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Fasano likes idea of deputies' union

State Rep. Mike Fasano is considering filing a bill to allow Pasco County sheriff's deputies to form a union.

In a letter sent earlier this month to Sheriff Lee Cannon, the New Port Richey Republican said a number of deputies had "stated their desire to be allowed collective bargaining via membership in the Police Benevolent Association."

Fasano, who received the association's endorsement and $1,500 in contributions during his last campaign, said deputies need better job protection due to the political nature of their boss' job.

"I'd like to make sure that these deputies are protected if they decide not to support a sheriff in an election, or they decide to support someone else."

But union opponents _ among them Cannon and the Florida Sheriffs' Association _ say Pasco's deputies already have adequate job protection, thanks to a state law that prohibits political firings and a county ordinance that specifies when and how a deputy can be disciplined.

Unions, opponents say, simply make it more difficult to fire bad cops.

"In Jacksonville, the sheriff got elected, and he found some deputies lied to get search warrants for people's homes," said Maury Kolchakian, chief lobbyist for the Florida Sheriffs' Association. "He wanted to fire the guys, but the union said, "No _ you have to give them a 30-day suspension.' "

That's something Harold Sample, Cannon's executive assistant, does not want to see happen here.

"There are more protections for a law enforcement officer than any other government employee," Sample said. "And yet these are folks that have to be held to a higher standard because they've got the ability to deprive people of their rights and take people's lives."

Fasano said a union wouldn't mean the sheriff could not fire truly bad law enforcement officers. But he said the county's current disciplinary appeals board was inadequate because the sheriff could overrule it.

Campaigning for re-election last year, Fasano railed against tenure rules that make it difficult to fire "clearly incompetent" teachers. He pointed out that his opponent at the time, sheriff's Deputy Brian Prescott, had taken "thousands of dollars from educational unions."

Prescott said Wednesday that Fasano's support for police unions represented a political about-face.

"He wasn't a union fan then, and he isn't a union fan now," Prescott said. "He's paying off a political debt owed to the Police Benevolent Association for supporting him."

Not so, Fasano insisted.

"They supported me with a couple of checks," Fasano said "but I can assure you it doesn't matter to me if deputies decide to go with the PBA or the Florida Order of Police (union)."

Just five of Florida's 67 counties have unionized sheriff's offices: Escambia, Dade, Duval, Volusia and Broward. That's because in order to organize, deputies need an act of the Florida Legislature.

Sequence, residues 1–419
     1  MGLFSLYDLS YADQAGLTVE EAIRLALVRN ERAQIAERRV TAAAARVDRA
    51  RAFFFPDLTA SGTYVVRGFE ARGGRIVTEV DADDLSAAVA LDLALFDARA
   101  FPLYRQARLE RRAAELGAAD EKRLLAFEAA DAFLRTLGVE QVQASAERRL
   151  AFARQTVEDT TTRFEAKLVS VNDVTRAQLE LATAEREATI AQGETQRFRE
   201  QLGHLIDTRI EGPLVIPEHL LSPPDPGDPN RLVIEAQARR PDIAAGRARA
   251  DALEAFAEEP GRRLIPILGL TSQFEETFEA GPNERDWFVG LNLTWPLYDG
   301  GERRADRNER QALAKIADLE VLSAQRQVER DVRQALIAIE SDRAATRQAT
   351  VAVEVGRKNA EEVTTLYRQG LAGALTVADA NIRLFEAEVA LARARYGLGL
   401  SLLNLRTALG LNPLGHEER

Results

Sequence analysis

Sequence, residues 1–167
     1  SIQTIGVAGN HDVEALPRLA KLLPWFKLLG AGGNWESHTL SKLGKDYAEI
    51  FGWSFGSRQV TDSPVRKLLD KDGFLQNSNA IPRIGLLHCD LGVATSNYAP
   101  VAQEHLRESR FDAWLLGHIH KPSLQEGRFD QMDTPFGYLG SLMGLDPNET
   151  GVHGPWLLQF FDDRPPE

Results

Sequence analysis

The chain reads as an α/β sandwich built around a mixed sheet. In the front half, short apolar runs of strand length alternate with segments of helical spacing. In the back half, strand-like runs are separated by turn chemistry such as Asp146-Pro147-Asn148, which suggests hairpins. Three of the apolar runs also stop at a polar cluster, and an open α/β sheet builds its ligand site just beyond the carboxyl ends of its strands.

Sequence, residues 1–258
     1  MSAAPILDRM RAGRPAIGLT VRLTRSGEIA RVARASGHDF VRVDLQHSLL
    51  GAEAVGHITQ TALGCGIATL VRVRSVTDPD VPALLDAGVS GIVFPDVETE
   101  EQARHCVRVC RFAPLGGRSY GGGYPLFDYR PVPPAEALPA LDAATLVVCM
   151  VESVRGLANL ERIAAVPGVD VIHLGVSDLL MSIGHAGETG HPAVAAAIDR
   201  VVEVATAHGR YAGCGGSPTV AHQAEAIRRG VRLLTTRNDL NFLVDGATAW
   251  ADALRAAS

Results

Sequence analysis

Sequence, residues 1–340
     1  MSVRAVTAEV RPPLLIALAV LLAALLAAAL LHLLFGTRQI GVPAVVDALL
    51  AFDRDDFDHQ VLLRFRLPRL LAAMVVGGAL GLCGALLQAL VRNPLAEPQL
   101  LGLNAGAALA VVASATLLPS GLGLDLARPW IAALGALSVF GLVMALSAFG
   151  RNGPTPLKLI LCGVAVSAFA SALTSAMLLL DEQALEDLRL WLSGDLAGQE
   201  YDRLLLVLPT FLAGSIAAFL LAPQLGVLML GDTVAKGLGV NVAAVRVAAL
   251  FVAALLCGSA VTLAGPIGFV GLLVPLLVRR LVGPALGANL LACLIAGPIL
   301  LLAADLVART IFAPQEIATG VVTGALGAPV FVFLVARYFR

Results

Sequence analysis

The reason? The courts have found that unlike most public employees, deputies are appointed and therefore not automatically entitled to form collective bargaining units.

Proponents argue that a union could help break the budget stalemate between the Sheriff's Office and the County Commission, leading to better pay and benefits for deputies and improved working conditions.

"What happens in a lot of counties is that the Police Benevolent Association and the sheriff work together," said David Murrell, the executive director of the association. "We have PAC funds, and we get involved in elections, so hopefully we bring the sheriff a little more muscle."

But Sgt. Charles Calhoun, a sheriff's deputy and the president of the local chapter of the Fraternal Order of Police lodge, isn't so sure. Though the Fraternal Order of Police have unionized police departments elsewhere, Calhoun pointed to the inability of the Teamsters to win better pay for the county's firefighters and paramedics as evidence that unions aren't always effective.

"Judging by the County Commission and the county administrator that we have, I don't think it would do any good," Calhoun said. "When you have a sheriff that wants to fight for you, that's willing to go against the County Commission like ours is, he's basically already doing what a union would do."

Sample agreed.

"It makes no sense for us to fall way behind in terms of wages because an officer can leave here, go to Tampa, work half the number of cases and make $6,000 more," Sample said. "We want to be competitive in every way we can."

Fasano said he simply wants to give deputies the choice. He sent Cannon the letter to see what he thought of the idea.

"We didn't want to do anything without his opinion or blessing or comment on it," Fasano said Wednesday. "If the sheriff sends me a letter back saying he's against it, with good reasons to be against it, then I probably would respect his opinion.